Legal issues from Doe’s perspective
From Doe’s perspective, the legal issues revolve around the enforceability of Smith’s salary offer. Doe may argue that Smith had apparent authority to make the offer since she was introduced as his potential supervisor and explicitly mentioned that he would be working for her if hired. Doe could assert that he reasonably relied on Smith’s offer and accepted it in good faith.

Doe may also contend that CTA is bound by Smith’s offer due to the doctrine of promissory estoppel. He may argue that CTA should be estopped from retracting the higher salary offer because he relied on it to his detriment by accepting the job without negotiating with the Placement Department.

b. Likely outcome and supporting cases
If the case goes to trial, Doe is more likely to prevail. The doctrine of apparent authority suggests that CTA may be bound by Smith’s offer if she had the appearance of authority to make such an offer. In this case, Smith was introduced as Doe’s potential supervisor, and her position was acknowledged by the HR Manager in front of Doe.

Furthermore, the doctrine of promissory estoppel may support Doe’s claim. Promissory estoppel prevents a party from retracting a promise if the other party relied on it to their detriment. Here, Doe relied on Smith’s offer and accepted the job without negotiating with the Placement Department. As a result, he suffered a detriment by accepting a lower salary than initially offered.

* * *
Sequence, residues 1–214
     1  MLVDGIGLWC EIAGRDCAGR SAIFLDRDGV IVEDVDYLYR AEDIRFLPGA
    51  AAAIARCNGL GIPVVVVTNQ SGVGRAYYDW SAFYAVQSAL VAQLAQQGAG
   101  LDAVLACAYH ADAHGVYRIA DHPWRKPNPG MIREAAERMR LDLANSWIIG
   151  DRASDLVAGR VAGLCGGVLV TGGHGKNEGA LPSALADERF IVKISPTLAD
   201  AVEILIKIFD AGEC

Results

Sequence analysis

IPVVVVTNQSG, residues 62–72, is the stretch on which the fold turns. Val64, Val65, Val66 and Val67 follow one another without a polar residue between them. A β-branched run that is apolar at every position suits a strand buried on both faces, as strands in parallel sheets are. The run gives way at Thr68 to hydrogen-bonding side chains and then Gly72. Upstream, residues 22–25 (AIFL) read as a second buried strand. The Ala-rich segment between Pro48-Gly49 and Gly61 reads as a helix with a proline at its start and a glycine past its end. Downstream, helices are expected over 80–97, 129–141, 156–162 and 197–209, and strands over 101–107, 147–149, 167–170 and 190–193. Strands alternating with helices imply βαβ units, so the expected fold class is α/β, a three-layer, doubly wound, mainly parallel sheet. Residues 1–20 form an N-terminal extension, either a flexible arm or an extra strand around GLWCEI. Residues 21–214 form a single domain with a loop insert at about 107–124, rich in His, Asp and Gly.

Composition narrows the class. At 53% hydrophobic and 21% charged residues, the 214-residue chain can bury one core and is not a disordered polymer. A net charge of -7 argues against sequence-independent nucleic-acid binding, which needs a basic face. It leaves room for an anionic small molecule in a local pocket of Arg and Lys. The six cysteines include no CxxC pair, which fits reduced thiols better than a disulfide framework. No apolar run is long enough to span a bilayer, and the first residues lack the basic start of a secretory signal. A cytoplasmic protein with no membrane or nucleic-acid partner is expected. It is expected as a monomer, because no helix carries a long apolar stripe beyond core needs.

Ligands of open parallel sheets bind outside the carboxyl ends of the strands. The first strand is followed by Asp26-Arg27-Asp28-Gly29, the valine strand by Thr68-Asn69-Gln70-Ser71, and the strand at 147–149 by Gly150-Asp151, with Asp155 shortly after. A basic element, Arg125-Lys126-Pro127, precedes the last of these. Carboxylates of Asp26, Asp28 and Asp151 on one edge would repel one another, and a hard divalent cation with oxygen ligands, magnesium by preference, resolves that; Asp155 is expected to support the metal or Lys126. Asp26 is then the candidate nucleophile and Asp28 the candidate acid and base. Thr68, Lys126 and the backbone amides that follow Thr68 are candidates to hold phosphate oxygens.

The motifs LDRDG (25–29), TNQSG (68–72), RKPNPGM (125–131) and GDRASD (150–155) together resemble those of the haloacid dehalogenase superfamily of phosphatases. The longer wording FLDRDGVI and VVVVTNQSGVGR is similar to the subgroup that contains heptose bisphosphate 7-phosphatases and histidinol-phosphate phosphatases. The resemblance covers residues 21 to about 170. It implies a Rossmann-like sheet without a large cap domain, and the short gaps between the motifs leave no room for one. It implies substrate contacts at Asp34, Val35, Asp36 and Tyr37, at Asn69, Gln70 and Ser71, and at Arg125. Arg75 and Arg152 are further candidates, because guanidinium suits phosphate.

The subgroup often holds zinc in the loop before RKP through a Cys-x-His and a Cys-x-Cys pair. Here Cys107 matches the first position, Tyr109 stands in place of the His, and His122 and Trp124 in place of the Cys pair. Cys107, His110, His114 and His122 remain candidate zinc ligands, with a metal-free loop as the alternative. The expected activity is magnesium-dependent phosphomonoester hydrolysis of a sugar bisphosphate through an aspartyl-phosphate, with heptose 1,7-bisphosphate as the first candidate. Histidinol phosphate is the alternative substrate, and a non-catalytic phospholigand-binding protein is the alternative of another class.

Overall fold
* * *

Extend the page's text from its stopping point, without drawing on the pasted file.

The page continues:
One relevant case that supports Doe’s position is Hoffman v. Red Owl Stores, Inc. In this case, the court held that a promise made by an employer during pre-employment negotiations could be enforceable if the employee reasonably relied on it to their detriment. Similarly, Doe could argue that Smith’s offer created a reasonable expectation of a higher salary and that he relied on it to his detriment by accepting the job without further negotiation.

c. Honoring Smith’s offer
If CTA wants to honor Smith’s offer after finding out about it, they could potentially do so through a process called “ratification.” Ratification occurs when a principal (CTA) affirms and accepts an unauthorized act (Smith’s offer) performed on its behalf. By ratifying Smith’s offer, CTA effectively adopt and be bound by the terms the original.

For ratification to be valid, CTA would need to have full knowledge of all material facts surrounding Smith’s offer and still choose to affirm it. The ratification would need to be communicated clearly and unambiguously to Doe, indicating CTA’s intention to honor Smith’s initial salary offer.

d. Fairness of the law
The law, as explained in this case, can be seen as fair. It seeks to balance the interests of both parties involved in a contractual agreement. From Doe’s perspective, it is fair that he could potentially enforce Smith’s offer if he reasonably relied on it and suffered a detriment by accepting a lower salary.

On the other hand, CTA’s position is also reasonable as they argue that only the Placement Department has authority to make final salary offers. They may assert that Smith exceeded her authority and that Doe should have followed the proper channels for salary negotiations.

Overall, the law takes into account factors such as apparent authority and promissory estoppel to ensure fairness in contractual agreements and protect parties who rely on promises made during negotiations.